Teen Who Made Headlines Dies of Drug Overdose

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WILKES-BARRE -- A teenage girl from Wilkes-Barre who made headlines two years ago died this week from a drug overdose.

We first heard about Jenea Patterson when she claimed she was abducted and then changed her story.

Now her father wants to wake up other parents who may know their kids are addicted to drugs.

Two years ago, her mother told authorities that Patterson was abducted at gunpoint in front of her own home in Wilkes-Barre. But the teenage girl would not cooperate with law enforcement.

In October 2015, prosecutors in Luzerne County withdrew the kidnapping charge after they say Patterson claimed she went willingly with the supposed kidnapper, a man who was her boyfriend at the time.

Then last year, Patterson made it back in the headlines. She was the girl who three people tried to rescue in New York City, bringing with them a cache of weapons in their pickup truck. She had told one of them she was in a so-called heroin den in the Bronx.

The three were later arrested at the Holland Tunnel outside New York City.

And now we've learned that Jenea died this week of a drug overdose.

Jenea's dad told Newswatch 16 heroin is too easy for teenagers to get ahold of. He has a warning for parents who may know their kids are doing drugs.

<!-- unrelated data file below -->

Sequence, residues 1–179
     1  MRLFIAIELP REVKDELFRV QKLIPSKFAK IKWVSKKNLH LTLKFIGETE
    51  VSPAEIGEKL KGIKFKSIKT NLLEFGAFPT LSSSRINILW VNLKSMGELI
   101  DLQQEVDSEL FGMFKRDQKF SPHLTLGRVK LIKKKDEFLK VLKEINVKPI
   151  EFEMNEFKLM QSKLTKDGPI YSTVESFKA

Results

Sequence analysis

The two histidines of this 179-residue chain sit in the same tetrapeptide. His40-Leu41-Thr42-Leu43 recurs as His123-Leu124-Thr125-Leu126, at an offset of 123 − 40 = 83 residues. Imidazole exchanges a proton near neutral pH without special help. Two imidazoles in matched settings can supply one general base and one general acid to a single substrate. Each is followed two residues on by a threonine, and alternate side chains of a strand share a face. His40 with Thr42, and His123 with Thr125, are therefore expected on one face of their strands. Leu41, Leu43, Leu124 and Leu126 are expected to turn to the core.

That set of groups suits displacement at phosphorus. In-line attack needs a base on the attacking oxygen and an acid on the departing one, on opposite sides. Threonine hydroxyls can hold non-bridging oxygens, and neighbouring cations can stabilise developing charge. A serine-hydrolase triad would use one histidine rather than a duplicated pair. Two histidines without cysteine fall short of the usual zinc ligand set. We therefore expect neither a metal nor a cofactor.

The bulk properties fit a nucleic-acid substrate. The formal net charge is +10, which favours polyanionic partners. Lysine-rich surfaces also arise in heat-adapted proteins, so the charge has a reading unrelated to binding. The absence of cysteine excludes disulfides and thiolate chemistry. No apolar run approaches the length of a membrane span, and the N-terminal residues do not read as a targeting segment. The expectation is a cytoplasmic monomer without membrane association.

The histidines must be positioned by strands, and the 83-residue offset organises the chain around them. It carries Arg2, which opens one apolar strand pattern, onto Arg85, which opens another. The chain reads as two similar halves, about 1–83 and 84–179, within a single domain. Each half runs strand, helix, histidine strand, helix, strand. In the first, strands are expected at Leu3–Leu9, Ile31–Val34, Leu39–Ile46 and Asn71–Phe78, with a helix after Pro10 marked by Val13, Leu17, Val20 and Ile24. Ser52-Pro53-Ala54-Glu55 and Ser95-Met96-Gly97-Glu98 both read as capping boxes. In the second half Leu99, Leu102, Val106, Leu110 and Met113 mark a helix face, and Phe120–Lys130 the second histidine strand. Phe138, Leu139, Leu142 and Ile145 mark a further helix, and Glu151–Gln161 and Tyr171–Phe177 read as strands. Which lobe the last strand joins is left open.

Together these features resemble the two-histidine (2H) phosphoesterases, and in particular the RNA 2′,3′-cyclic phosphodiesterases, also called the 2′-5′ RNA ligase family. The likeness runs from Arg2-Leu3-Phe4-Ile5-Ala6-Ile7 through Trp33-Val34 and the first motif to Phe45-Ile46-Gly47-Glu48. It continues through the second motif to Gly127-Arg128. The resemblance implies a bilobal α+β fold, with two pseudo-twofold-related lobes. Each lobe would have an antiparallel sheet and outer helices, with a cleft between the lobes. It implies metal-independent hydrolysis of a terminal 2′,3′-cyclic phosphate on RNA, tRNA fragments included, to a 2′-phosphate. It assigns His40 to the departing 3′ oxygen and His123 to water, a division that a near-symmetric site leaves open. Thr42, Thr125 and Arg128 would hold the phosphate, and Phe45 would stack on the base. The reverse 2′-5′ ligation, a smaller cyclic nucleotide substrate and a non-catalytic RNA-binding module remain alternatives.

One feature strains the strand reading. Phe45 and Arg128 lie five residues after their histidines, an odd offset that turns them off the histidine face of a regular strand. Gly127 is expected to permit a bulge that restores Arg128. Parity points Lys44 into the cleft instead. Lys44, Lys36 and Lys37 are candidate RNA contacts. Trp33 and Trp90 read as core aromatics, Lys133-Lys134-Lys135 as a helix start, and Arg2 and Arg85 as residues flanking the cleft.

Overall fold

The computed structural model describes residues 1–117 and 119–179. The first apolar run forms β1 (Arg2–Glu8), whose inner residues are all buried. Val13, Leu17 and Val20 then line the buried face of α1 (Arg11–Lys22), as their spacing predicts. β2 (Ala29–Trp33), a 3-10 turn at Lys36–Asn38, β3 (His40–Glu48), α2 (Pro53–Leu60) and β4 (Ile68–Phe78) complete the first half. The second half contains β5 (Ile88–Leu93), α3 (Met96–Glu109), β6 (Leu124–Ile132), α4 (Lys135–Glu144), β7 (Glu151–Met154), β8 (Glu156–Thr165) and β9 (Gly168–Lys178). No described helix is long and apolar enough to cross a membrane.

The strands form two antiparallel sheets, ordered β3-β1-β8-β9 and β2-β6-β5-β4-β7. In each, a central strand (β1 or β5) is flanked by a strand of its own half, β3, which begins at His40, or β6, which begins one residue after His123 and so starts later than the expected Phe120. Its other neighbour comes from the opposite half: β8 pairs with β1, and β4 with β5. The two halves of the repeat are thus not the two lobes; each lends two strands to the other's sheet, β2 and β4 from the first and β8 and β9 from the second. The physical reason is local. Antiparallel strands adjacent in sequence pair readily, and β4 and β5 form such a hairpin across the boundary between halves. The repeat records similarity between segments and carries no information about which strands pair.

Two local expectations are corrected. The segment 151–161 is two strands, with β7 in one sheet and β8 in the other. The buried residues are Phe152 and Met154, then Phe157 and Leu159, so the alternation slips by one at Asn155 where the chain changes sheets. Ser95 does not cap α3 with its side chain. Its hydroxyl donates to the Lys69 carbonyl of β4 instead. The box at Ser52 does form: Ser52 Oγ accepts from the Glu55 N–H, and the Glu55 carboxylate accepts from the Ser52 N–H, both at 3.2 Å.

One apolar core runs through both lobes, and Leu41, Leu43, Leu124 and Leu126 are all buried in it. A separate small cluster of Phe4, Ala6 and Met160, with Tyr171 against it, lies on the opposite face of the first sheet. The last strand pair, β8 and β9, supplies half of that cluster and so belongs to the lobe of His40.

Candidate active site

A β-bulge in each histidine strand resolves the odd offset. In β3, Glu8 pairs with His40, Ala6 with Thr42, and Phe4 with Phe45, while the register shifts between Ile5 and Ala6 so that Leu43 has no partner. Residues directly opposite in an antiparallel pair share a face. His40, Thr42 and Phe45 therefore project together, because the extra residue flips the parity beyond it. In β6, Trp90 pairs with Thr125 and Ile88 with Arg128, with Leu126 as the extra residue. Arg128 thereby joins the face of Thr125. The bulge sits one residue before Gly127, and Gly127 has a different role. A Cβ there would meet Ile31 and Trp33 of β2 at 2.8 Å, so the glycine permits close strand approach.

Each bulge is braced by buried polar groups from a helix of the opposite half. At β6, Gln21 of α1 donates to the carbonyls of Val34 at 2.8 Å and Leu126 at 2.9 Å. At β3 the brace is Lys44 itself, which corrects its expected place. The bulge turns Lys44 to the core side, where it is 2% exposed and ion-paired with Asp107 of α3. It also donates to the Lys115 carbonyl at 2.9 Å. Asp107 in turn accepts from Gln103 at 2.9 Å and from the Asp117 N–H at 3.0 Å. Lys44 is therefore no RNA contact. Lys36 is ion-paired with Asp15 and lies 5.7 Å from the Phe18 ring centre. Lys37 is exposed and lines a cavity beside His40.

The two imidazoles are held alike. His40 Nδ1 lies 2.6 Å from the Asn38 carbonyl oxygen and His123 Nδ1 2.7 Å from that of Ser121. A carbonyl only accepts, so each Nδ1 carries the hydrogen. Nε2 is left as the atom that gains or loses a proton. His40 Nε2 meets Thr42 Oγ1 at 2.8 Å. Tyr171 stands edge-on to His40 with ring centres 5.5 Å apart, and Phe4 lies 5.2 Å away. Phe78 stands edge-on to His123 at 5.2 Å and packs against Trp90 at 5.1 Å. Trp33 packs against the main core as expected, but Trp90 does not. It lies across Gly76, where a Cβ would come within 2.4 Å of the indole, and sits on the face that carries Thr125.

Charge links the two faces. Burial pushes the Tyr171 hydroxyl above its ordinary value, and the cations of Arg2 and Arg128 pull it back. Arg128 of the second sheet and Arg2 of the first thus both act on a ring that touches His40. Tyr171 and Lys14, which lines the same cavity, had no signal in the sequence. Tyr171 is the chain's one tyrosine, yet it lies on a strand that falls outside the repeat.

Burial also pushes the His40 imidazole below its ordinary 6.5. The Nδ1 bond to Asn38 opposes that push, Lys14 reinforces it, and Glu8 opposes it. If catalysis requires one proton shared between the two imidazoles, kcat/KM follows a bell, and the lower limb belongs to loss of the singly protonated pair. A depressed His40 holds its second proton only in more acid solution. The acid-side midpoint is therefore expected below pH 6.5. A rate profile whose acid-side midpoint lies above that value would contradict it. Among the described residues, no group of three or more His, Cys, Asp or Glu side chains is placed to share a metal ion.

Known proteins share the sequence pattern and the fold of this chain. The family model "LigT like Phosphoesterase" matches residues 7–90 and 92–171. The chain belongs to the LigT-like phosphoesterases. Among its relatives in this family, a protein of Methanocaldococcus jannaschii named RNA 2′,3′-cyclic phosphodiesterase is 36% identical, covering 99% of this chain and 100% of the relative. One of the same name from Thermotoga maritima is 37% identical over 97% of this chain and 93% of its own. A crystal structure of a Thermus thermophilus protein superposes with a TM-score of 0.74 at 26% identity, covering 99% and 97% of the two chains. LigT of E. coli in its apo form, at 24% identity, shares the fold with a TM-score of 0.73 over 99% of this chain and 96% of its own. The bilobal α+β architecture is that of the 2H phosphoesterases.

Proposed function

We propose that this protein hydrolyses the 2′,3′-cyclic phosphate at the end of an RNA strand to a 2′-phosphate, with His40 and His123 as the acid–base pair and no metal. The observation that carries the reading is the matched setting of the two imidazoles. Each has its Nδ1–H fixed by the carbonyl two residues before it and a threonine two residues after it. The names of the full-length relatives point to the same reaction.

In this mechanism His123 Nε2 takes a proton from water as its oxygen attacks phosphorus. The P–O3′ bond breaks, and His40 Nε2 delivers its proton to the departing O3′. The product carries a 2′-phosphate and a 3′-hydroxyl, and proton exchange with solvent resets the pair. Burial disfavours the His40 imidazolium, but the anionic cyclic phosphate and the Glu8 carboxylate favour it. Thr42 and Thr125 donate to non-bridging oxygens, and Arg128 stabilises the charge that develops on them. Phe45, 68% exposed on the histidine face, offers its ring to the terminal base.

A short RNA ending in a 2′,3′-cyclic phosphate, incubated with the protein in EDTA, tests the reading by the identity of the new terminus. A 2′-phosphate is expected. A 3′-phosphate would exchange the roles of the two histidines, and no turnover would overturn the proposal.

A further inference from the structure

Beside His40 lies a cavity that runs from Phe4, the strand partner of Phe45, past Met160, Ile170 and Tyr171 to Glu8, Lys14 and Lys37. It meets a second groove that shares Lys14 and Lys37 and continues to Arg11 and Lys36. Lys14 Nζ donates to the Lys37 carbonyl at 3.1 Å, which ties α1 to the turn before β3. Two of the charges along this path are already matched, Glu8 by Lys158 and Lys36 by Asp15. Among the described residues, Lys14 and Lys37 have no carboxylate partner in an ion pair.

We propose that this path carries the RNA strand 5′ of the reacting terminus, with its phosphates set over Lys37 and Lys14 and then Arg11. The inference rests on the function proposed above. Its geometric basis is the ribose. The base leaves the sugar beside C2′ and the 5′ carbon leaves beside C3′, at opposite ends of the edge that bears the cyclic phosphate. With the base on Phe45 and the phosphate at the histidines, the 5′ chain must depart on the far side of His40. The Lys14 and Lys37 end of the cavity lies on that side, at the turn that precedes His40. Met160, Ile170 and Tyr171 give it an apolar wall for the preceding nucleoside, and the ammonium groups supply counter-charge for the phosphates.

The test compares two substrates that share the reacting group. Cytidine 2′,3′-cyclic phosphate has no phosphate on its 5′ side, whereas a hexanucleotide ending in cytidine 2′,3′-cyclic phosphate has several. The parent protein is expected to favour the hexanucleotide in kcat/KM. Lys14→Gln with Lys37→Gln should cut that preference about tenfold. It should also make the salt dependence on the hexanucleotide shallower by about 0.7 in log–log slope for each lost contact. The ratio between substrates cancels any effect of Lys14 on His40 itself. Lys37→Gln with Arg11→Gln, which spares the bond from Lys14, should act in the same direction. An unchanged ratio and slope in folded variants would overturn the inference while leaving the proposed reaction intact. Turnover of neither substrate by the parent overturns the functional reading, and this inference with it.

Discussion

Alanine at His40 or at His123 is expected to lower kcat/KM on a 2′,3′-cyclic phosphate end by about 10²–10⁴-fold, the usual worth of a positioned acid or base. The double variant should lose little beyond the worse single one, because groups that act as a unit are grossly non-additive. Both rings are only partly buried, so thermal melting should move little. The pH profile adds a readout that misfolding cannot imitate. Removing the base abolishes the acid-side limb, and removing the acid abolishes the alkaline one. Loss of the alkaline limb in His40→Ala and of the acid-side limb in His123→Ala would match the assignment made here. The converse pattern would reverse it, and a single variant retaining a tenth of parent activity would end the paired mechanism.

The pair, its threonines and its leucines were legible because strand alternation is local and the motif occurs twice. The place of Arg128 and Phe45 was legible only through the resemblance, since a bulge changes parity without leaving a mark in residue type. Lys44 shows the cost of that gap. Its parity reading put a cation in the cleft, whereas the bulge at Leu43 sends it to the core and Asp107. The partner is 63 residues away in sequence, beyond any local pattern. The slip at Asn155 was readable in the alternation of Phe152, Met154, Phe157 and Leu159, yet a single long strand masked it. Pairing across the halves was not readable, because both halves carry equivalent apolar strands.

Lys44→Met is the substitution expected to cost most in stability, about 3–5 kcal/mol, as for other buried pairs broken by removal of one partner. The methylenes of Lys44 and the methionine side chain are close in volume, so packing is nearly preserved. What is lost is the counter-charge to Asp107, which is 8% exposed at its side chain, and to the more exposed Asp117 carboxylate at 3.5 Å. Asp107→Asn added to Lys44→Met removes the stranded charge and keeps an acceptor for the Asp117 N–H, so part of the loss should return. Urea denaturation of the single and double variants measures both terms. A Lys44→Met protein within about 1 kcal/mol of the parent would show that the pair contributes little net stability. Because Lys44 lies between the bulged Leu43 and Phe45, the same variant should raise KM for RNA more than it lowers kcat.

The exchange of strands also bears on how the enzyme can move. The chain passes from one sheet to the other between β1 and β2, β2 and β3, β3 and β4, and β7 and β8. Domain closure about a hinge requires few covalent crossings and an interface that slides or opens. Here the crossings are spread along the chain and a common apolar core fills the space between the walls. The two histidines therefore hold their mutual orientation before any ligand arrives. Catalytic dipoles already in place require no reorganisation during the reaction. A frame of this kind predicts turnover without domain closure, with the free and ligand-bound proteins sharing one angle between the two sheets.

"Get them help! Get them help," said James Patterson. "We have to all come together and something has to be done about the dope in the valley."

Last year, Luzerne County had a record 140 drug overdose deaths.

Jenea's dad says Jenea died Wednesday. She was 18 years old. Funeral arrangements are being planned.

The family set up a GoFundMe page to help with funeral costs.

5 comments

  • Debra Kelter

    Unfortunately, it is nearly impossible for parents to get help for their addicted children, especially when they have reached legal age, unless that addict is willing to cooperate with getting help, has insurance and/or the parents are willing to put themselves into a lifetime of debt – because that is the first question a rehab facility asks … how are you paying for treatment. If your child is uncooperative, it is nearly impossible to get them treatment without jumping through hoops in the court system which takes money and time, because the addict has “rights.” Those rights are what helped to kill my son.

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